The Bear facts: The Utah Jazz 16-year mascot, Bear, balances life of court jester, charity king
Jeffrey D. Allred, Deseret News
SALT LAKE CITY — He speaks, and with a slight Minnesota accent — just not in public. He grew up on a farm, went to school at Moorhead State, knows what it feels like when a bursa sac bursts, knows what a bursa sac is, served in a risky military position in the Gulf War.
And, yes, he and Mama Bear have three little bears.
That you might not have known about the Utah Jazz's mascot, Bear.
You do know, perhaps even cheer or fear, how he makes a habit and a living out of jumping on a plastic sled and sliding face-first at scary speeds down steep stairs at EnergySolutions Arena.
Over the years, you've also witnessed Bear launch his furry self through rings of fire to dunk basketballs, rappel from the rafters or do the splits (on purpose).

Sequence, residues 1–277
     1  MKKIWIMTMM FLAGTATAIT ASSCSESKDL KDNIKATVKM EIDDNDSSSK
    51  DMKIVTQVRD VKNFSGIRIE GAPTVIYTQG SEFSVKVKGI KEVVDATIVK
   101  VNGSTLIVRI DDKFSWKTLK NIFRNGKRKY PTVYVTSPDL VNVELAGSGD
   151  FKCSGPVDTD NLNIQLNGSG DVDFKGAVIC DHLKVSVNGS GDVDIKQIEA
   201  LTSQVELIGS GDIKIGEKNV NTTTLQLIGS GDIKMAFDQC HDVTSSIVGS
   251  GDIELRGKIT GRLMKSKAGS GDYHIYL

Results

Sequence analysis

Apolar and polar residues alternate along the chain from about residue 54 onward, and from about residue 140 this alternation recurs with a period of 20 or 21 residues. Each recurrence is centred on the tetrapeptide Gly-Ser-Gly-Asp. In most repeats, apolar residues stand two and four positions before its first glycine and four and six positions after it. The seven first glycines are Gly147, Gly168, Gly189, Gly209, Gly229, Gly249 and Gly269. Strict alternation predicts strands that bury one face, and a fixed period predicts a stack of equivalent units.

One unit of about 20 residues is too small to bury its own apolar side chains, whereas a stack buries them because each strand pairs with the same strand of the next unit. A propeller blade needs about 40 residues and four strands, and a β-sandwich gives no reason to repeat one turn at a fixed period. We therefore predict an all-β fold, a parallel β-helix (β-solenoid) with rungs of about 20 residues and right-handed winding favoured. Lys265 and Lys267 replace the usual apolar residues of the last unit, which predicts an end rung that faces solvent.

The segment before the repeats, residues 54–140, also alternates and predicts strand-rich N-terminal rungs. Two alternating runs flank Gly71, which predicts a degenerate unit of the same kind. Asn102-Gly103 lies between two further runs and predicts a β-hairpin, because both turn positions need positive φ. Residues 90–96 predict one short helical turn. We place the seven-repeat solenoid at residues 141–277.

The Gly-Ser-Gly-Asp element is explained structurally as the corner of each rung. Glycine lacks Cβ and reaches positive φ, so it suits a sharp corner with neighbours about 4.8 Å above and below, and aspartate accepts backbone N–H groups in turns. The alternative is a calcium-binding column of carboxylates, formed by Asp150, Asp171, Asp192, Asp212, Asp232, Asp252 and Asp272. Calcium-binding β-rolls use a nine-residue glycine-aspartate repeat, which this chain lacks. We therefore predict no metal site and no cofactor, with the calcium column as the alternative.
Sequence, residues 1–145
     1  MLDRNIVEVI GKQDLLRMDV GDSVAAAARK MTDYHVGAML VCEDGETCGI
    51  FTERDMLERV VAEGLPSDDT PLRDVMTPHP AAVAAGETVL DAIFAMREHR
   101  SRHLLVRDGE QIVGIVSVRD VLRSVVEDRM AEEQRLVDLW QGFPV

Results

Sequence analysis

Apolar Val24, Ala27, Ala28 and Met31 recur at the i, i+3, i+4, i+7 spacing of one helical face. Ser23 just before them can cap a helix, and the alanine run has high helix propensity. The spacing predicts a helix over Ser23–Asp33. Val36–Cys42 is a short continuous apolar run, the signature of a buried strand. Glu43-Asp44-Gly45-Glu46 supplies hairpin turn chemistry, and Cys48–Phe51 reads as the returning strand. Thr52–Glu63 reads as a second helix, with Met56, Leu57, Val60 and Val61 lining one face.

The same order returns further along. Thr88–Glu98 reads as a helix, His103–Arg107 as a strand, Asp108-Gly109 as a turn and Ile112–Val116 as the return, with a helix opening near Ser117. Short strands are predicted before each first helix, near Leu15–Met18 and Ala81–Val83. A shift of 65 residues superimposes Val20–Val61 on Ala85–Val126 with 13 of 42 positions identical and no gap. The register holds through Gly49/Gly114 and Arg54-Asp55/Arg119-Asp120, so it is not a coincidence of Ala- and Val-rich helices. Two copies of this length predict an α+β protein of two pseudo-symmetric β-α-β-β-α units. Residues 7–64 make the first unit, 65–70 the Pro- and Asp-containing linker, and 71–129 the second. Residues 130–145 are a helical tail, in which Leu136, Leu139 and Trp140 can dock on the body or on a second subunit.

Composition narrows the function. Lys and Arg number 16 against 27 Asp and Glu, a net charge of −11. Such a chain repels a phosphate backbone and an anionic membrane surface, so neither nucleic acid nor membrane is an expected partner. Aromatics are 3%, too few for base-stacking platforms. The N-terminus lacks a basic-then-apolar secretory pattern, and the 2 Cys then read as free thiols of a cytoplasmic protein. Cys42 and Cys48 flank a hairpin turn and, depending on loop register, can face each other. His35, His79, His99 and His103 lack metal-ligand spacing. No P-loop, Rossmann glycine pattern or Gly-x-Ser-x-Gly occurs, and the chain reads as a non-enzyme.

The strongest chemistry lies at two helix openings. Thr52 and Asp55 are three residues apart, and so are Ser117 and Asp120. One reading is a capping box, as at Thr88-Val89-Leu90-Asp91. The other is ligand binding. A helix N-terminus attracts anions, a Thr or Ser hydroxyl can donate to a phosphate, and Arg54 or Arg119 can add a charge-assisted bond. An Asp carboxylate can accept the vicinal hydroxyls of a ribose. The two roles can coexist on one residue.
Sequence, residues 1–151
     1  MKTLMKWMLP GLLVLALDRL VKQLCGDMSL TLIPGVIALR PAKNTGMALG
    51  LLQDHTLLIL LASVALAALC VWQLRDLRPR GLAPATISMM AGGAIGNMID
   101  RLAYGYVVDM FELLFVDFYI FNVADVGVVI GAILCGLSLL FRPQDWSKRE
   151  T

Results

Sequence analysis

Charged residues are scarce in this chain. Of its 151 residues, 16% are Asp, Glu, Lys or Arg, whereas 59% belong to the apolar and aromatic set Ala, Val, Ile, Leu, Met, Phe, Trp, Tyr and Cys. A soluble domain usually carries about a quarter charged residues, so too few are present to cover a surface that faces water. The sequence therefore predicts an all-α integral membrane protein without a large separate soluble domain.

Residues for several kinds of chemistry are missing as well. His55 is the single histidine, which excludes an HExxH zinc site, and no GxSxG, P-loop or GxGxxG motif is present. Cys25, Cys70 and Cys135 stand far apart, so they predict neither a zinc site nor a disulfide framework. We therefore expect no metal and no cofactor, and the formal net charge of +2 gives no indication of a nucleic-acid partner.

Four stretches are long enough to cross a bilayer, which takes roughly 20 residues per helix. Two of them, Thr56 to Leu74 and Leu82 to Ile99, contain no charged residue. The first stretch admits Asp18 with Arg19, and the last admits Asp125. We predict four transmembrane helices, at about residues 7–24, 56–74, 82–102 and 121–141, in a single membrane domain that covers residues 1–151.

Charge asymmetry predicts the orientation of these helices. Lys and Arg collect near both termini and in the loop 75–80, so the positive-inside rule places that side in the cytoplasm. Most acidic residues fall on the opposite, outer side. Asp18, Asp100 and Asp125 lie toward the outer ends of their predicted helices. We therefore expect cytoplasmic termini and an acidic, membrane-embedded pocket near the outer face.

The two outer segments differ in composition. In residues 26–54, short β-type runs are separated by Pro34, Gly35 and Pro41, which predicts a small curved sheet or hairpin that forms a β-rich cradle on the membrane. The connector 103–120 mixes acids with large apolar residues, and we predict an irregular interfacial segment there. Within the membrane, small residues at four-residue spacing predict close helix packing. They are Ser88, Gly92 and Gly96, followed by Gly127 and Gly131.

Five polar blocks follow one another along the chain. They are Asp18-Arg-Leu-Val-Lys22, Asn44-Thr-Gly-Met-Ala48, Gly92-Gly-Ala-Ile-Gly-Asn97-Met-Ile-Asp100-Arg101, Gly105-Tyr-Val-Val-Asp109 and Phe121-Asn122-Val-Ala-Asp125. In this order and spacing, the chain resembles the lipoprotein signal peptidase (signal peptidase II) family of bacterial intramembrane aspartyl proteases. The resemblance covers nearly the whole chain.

You've watched him goof off with referees and players, spray funky materials on people, use opposing fans as skit props, land hard on his undercarriage, rev up his loud motorcycle, display much more athleticism in a 00 Jazz jersey than the only Utah player to wear that number (Greg Ostertag), and literally go to great heights to both entertain and freak out thousands of onlookers.
You've seen the Hall of Fame mascot do a whole lot of wacky stuff in action.
So, would it shock anybody to learn that one of the NBA franchise's most cherished assets — the guy who leads the crowd in mass pandemonium and does the "Y-M-C-A" while dangerously standing 20-plus feet in the air — admit that he was something between courageous and crazy when he was a cub?
Didn't think so.
Sure enough, long before he increased the worth of Silly String's stock value, Bear got a kick out doing logic-defying and dangerous acts around — and on top of — his family's farm in Minnesota.
As a kid, the little daredevil knew exactly where his dad stored the ladder and the car keys, and he wasn't afraid to put them to use.